Thanks to a recommendation from one of my first collegues and mentors, I began each school year with a “behavior chat”. I wrote out a document and passed it out to all of my staff and then we went over it. During this behavior chat time I outlined all of the expectations I had for the adults who would be regularly working with the students in my classroom. Flash forward to mommy-hood, and I have found myself applying the same ideas and reflections within my own parenting.
So naturally I am going to share them with you! My point in this first piece is to identify the basic things I use when dealing with behaviors (good and bad) in my own home. I will follow up with a few articles that go more into depth.
Expectations: Keep them high and reasonable! Children consistently rise to every expectation adults in their lives set for them. If the expectations are low or unreasonable, unwanted behaviors usually present either when they are young or when they are older. If the expectations are high and reasonable considering age and abilities, good behaviors usually present consistently…sounds simple huh…that is because it is!
Encouraging Independence: I have never met a parent of any child who has said, my hope is that my child grows up to depend on me completely and never do anything for himself…Parents’ goals include teaching their children to be as independent as possible so they can be contributing members of society, or simply as independent as possible so they can better function in society. Guess what, if we consistently encourage independent skills and are there to help teach and promote those skills while they are young, then we will successfully help our children build a strong behavioral foundation. (Note my use of the word “encouraging” and not “forcing” independence).
Natural Consequences: This is a necessary step to allow in the behavioral development of all children ages 2 and up (from about two months to two years cause and effect teach our little ones for every action there is a reaction). Help and bailout will not always follow our children around to protect them from making mistakes. So as much as we want to control and protect our children (or ourselves) from failing, throwing tantrums, stumbling, we need to show restraint while they are young and developing. A simple example is dinner time. If a child is not hungry enough to eat the good food that mom and dad made for them, they are not hungry enough to have a dessert. Or if you throw a tantrum and you break one of your favorite toys, it is gone, you don’t get a new one.
Understanding/Acceptance: When mistakes, bad choices or messes occur with our children it is OUR reaction that will make or break the situation. Acceptance of your child’s abilities and current developmental stage is key. If you can quickly assess the situation, take a deep breath and use one of three tools in your response. Empathy: “ouch that really hurts when you jump off the table and hit your head, what do you think about that choice?” Laughter: “Umm excuse me, who said the Hulk could come out and destroy this room? Who are you going to call to clean it up?” Remove from situation: (screaming, yelling, kicking) “Time to separate and have alone time, you upstairs, you downstairs and take a minute to cam down.” Then bring everyone back to discuss the situation.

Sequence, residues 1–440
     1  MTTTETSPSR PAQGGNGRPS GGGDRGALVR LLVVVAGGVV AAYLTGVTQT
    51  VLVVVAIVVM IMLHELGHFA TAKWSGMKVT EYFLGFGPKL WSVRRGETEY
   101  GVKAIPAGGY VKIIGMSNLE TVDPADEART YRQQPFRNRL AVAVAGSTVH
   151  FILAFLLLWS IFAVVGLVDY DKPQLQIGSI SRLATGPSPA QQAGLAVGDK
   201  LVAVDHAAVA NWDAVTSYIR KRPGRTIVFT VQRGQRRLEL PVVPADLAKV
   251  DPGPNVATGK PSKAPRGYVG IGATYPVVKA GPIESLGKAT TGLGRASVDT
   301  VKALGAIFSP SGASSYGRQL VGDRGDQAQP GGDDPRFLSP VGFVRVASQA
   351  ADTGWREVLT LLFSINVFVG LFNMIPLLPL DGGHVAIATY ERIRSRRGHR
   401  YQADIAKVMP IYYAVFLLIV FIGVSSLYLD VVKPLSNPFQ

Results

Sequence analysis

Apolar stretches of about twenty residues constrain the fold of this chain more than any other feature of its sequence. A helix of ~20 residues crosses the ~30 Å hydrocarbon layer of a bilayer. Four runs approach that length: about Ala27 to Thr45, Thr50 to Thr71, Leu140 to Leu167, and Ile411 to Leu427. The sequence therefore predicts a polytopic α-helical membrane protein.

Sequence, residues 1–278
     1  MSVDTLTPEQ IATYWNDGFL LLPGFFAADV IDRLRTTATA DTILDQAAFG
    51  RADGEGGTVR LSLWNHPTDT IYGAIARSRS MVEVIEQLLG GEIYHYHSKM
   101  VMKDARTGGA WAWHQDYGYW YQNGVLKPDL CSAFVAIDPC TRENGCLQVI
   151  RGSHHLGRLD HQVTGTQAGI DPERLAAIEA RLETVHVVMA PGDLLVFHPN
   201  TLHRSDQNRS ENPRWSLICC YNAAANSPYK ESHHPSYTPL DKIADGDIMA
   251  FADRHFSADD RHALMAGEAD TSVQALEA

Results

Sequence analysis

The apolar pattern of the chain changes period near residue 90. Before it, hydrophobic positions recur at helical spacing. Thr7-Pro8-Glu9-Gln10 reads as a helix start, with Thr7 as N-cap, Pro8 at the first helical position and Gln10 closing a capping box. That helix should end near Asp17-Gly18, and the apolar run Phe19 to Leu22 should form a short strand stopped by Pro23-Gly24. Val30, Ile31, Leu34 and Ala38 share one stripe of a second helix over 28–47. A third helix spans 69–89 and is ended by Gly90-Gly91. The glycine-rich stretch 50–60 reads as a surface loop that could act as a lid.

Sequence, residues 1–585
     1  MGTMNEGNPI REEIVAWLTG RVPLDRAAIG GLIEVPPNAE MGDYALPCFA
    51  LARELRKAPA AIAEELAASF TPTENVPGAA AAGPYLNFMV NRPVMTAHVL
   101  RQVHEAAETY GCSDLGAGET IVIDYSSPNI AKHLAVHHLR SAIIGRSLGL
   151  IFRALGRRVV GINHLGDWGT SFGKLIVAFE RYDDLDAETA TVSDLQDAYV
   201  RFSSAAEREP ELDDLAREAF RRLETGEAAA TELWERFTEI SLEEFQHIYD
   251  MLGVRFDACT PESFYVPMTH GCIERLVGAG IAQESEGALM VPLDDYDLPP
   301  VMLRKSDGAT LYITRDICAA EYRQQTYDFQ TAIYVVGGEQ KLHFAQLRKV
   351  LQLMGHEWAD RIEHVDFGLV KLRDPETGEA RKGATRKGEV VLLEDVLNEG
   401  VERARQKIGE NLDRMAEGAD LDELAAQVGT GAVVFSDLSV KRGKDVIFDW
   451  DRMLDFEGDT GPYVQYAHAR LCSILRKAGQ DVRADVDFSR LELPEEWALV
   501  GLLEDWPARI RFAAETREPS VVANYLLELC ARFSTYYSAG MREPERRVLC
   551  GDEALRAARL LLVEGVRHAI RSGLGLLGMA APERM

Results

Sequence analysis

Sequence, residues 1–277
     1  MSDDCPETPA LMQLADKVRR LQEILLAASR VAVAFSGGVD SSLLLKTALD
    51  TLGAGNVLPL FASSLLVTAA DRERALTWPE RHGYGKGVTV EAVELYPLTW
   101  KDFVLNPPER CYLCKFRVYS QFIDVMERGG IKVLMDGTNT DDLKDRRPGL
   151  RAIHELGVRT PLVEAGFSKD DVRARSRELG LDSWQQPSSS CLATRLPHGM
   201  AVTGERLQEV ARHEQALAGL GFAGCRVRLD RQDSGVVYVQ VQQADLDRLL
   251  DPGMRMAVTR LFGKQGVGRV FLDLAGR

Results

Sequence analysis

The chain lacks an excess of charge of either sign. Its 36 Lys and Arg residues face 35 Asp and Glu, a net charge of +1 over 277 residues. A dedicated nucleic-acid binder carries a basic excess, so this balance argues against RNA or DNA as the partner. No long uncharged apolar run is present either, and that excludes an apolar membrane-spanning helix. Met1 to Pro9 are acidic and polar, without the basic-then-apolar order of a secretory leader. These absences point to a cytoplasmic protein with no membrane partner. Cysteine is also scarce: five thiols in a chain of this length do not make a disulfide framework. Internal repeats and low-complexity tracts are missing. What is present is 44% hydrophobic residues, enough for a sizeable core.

Communication: One of the very best tools I have learned to use for all children of all developing ages is the use of appropriate communication. Children do not know how to rationalize and explain their thoughts in a “mature” way. They need to be taught, and they need to be taught appropriately to their development age. When a child screams, or throws a physical tantrum, we as parents need to provide the correct language. (“I need help”, “I am not ready”, or “I can do it myself”) This also works really well when there is no problem at all. As parents we can teach all day by modeling language to use during all fun and learning experiences.
Discussion: This can be scaled to your child’s abilities. However, I think discussion of past, current and future events is key to teaching children. I like to use this tool when I am teaching my children that although I have a tendency to want to control everything that happens in our lives, I am not perfect. When I allow my emotions to get the better of me, I make a point to discuss with my kids what I did wrong, and how I could have been better (again this language can be as simple or as complex as needed depending on the child’s development level). This opens doors for them to talk about what they have been processing in their own heads.
Reflection: Parenting is not all about the moment and what my child did to elicit the response from me. It is an ongoing, changing and developing state of mind. I try to reflect on every significant (what I consider significant in our lives) event that happened. I focus specifically on myself, what I did, how I responded, and how it affected my children or entire family. This goes back to I’m not perfect, and therefore I can not expect my children to be perfect. The reflection tool helps me identify my behavior and the consequences of my behavior as well as what I can do differently when the situation undoubtly presents itself again.
Thanks for taking the time to read some of my thoughts, I hope they helped you identify some things you already use in your parenting, or maybe even gave you some new ideas to try!